Westhampton, MA – September 4, 2009 Richard Ammon – GlobalGayz.com The Amateur Boxing Association of Thailand (ABAT) has discriminated against a straight boxer for posing suggestively for the cover of a gay magazine. This is a new take on homophobic discrimination: instead of acting prejudicially against a gay person, the ABAT has discriminated against a non-gay star boxer for posing for the cover of a magazine. How do we know it’s homophobic? The magazine he posed for is a gay magazine, Stage, and for that non-obscene photo the boxing leaders have banned Olympic silver medalist Worapoj Petchkhoon for three months from athletic competition. (See story below and here.) Appearing in a gay publication does not “present a good image” said boxing officials obviously suggesting the photo is disreputable. What is not clear is what the officials think is good or bad about the photo. If this same photo had appearedSee the Full Version Here
Thailand is a constitutional monarchy with His Majesty King Bhumibol Adulyadej, or King Rama IX, the ninth king of the Chakri Dynasty, as the present king. The King has reigned for more than half a century, making him the longest reigning Thai monarch. His Majesty the King is recognised as the Head of State, the Head of the Armed Forces, the Upholder of the Buddhist religion, and the Upholder of all religions. Due to the government of the Monarch, Thailand is one of the few countries in Southeast Asia that has never been colonized by a European power. Photos 1-11 were taken at the ceremonies for his 50th year of reign. Bangkok: In the span of over two hundred years, Bangkok has been the political, social and economic center of not only Thailand but for much of South East Asia and Indochina as well. Its influence in the arts, politics,See the Full Version Here
Ko Samui Island (photos 1-9) is Thailand’s third largest island, with an area of 228.7 km2 and a population of over 50,000 (2008). It is rich with natural resources, white sandy beaches, coral reefs and coconut trees. Bridge at River Kwai (photos 10-17) commemorates the 92,000 civilians and prisoners of war, including a number of New Zealanders and nearly 3000 Australians, who died at the hands of the Japanese military, a sign at the entrance of the museum states: "A life for every sleeper". At "Hellfire Pass", the prisoners of war worked 18-hour shifts to blast a passage through the mountains. From the top of the mountain ridge, the flickering torches looked like the fires of hell. Gulf of Thailand (photos 18-27) Due to the tropical warmth of the water, the Gulf of Thailand harbours many coral reefs, and thus several diving resorts. Most popular for tourism is the islandSee the Full Version Here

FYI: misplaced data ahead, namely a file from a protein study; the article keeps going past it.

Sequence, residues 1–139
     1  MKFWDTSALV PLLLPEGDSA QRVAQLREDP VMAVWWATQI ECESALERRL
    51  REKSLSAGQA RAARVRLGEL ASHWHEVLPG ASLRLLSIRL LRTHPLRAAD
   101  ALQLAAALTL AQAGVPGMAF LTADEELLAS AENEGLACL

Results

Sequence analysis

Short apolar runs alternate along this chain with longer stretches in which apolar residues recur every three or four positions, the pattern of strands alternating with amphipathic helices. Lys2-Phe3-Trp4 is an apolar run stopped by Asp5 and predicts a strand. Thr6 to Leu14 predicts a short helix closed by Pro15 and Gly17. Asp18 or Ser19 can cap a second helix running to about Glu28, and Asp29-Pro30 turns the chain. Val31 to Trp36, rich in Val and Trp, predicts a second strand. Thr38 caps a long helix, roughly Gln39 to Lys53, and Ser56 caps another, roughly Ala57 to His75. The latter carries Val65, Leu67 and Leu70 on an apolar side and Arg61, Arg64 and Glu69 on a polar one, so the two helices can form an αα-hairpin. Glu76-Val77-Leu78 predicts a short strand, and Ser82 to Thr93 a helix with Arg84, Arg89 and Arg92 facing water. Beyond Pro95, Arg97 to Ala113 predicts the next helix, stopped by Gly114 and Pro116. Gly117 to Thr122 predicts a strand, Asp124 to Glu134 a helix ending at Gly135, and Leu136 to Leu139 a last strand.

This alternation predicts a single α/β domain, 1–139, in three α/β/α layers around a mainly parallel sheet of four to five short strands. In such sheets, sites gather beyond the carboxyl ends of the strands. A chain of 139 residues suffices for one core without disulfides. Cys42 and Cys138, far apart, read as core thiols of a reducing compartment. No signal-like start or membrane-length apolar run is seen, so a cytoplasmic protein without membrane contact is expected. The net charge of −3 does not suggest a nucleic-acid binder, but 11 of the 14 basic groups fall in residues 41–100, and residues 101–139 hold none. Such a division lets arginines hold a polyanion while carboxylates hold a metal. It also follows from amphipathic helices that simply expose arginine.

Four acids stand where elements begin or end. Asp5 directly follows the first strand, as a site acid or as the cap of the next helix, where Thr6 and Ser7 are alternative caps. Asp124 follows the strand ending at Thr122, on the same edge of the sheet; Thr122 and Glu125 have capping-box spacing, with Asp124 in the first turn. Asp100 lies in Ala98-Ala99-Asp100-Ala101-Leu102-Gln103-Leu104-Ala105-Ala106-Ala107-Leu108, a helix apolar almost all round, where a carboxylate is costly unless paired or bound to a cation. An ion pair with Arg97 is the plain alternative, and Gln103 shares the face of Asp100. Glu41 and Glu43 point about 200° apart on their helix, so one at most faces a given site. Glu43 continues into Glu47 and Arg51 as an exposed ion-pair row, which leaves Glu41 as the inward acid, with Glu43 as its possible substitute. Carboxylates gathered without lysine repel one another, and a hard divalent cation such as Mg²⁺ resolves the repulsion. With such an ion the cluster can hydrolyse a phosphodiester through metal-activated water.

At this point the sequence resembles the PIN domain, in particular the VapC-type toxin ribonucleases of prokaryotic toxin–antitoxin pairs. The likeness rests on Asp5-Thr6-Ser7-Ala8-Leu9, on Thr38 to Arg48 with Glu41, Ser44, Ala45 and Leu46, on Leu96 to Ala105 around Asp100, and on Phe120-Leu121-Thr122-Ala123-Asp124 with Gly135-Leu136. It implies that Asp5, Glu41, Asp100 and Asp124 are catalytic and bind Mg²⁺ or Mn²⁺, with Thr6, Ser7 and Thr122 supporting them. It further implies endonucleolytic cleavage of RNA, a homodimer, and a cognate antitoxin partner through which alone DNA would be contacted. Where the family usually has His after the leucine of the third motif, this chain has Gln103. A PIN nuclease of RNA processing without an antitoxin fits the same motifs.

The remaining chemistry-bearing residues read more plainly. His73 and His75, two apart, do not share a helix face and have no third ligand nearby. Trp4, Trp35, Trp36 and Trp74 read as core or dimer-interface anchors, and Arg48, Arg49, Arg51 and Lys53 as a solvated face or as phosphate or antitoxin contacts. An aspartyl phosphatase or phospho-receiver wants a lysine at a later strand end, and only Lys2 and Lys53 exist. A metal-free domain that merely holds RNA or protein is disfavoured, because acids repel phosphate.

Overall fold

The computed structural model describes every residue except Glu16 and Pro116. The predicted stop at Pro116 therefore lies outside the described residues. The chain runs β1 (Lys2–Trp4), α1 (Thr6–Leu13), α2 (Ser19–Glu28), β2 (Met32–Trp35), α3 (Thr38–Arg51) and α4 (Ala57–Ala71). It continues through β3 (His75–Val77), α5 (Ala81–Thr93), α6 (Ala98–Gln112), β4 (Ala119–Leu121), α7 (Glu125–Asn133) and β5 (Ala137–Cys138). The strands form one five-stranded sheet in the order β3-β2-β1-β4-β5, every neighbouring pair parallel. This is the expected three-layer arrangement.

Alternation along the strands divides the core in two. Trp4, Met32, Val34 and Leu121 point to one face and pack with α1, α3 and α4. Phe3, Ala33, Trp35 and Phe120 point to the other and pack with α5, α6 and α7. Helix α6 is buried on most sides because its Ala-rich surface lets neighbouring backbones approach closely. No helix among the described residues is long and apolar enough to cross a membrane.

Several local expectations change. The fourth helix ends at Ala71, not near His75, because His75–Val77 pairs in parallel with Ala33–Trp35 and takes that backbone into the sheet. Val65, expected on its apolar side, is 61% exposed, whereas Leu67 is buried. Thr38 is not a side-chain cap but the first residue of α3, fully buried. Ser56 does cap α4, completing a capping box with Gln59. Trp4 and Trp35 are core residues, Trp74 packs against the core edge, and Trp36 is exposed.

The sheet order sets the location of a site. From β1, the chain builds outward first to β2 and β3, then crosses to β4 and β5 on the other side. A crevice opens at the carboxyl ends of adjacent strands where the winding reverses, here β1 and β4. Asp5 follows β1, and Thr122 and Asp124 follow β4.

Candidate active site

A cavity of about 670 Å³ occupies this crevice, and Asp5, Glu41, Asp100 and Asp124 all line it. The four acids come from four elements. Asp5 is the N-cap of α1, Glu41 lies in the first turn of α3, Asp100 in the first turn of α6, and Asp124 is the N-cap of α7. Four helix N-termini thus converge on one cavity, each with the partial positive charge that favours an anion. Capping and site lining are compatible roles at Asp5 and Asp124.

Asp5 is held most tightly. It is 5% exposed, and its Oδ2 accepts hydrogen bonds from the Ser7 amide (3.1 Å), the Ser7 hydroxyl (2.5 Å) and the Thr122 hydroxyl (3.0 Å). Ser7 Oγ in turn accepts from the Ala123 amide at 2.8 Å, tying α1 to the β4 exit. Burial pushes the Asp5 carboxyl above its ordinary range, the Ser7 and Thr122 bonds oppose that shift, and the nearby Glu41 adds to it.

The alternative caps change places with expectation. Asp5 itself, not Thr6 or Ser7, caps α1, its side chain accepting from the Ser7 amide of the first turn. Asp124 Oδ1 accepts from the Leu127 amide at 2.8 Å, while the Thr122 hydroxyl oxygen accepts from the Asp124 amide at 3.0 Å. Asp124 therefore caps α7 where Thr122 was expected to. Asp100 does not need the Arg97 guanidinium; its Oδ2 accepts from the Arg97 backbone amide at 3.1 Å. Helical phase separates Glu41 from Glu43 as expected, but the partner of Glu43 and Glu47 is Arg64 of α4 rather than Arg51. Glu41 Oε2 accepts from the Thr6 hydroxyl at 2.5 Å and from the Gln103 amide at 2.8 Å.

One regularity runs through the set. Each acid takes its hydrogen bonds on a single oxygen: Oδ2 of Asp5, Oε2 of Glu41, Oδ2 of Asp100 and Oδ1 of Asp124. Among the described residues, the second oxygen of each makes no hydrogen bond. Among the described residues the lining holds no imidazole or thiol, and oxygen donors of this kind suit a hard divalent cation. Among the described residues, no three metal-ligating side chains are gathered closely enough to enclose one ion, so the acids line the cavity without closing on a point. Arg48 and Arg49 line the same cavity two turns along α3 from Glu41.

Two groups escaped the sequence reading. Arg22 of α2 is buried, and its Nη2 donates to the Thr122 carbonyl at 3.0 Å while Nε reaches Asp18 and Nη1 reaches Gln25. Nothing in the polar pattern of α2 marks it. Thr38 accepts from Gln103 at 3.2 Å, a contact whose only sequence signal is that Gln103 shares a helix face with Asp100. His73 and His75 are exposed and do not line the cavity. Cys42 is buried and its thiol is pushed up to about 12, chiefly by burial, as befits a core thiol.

Thailand is one of the most strongly Buddhist countries in the world. The national religion is Theravada Buddhism which is practiced by more than 95% of all Thais. This partially accounts for the high tolerance level of gay life in Bangkok. Buddhism does not overtly condemn homosexuality as do Christianity, Islam and Judaism. Gay Bangkok is alive and well–too well for some who criticize the laissez-faire cultural attitude that looks the other way at sex-for-pay and widespread HIV infection. From 1999 to 2007 there was a colorful Gay Pride Parade and Festival every November but that has ended due to interpersonal squabbles and disagreements among business people who supported the event. (See this commentary: Bye-Bye Bangkok Pride) Read the stories about Gay ThailandSee the Full Version Here
To view World Aids Day 2006 Bangkok gallery (not on GlobalGayz) – click here.See the Full Version Here
Gay life in Thailand is alive and well in half a dozen cities and towns, having survived six years of a homophobic prime minister. Now revitalized with more venues than ever, the scene continues to be as it was, both visible and invisible. Despite the glitter and spice of the nightlife, most LGBT citizens continue to live in the closet in deference to the conservative Thai culture and don’t indulge in the lights and sounds of the scene. This story is about the seen and unseen gay life of Thailand today. Also see: Gay Thailand Stories Gay Thailand News & Reports 2000 to present Gay Thailand Photo Galleries By Richard Ammon GlobalGayz.com May 2008 This story is in three parts: (1) Bangkok (2) Phuket (3) Pattaya (1)Bangkok Well, former Prime Minister Thaksin is gone but not forgotten. His wealthy cronies are everywhere and it remains to be seen howSee the Full Version Here
The week I arrived in Phuket to research a new story about local gay life in Phuket, this story appeared in the Phuket Post. It nicely usurped my intentions and added, no doubt, more depth and undestanding than I might have found. I am pleased to present it here, written by reporter Aparna Raut Desai. Also see: Gay Thailand Stories Gay Thailand News & Reports 2000 to present Gay Thailand Photo Galleries From: Phuket Post http://phuket-post.com/article.php?id=724 2007-04-07 Accepted and rejected–A look at the acceptance and rejection of gay people in Phuket by Aparna Raut Desai With the back-drop of the annual gay parade, the inimitable Phuket Pride, Phuket Post decided it was time to look at the the actual gay scenario on the island. Is there anything about Phuket beyond the bars and the go-go clubs, that makes it attractive to members of the gay community? What does PhuketSee the Full Version Here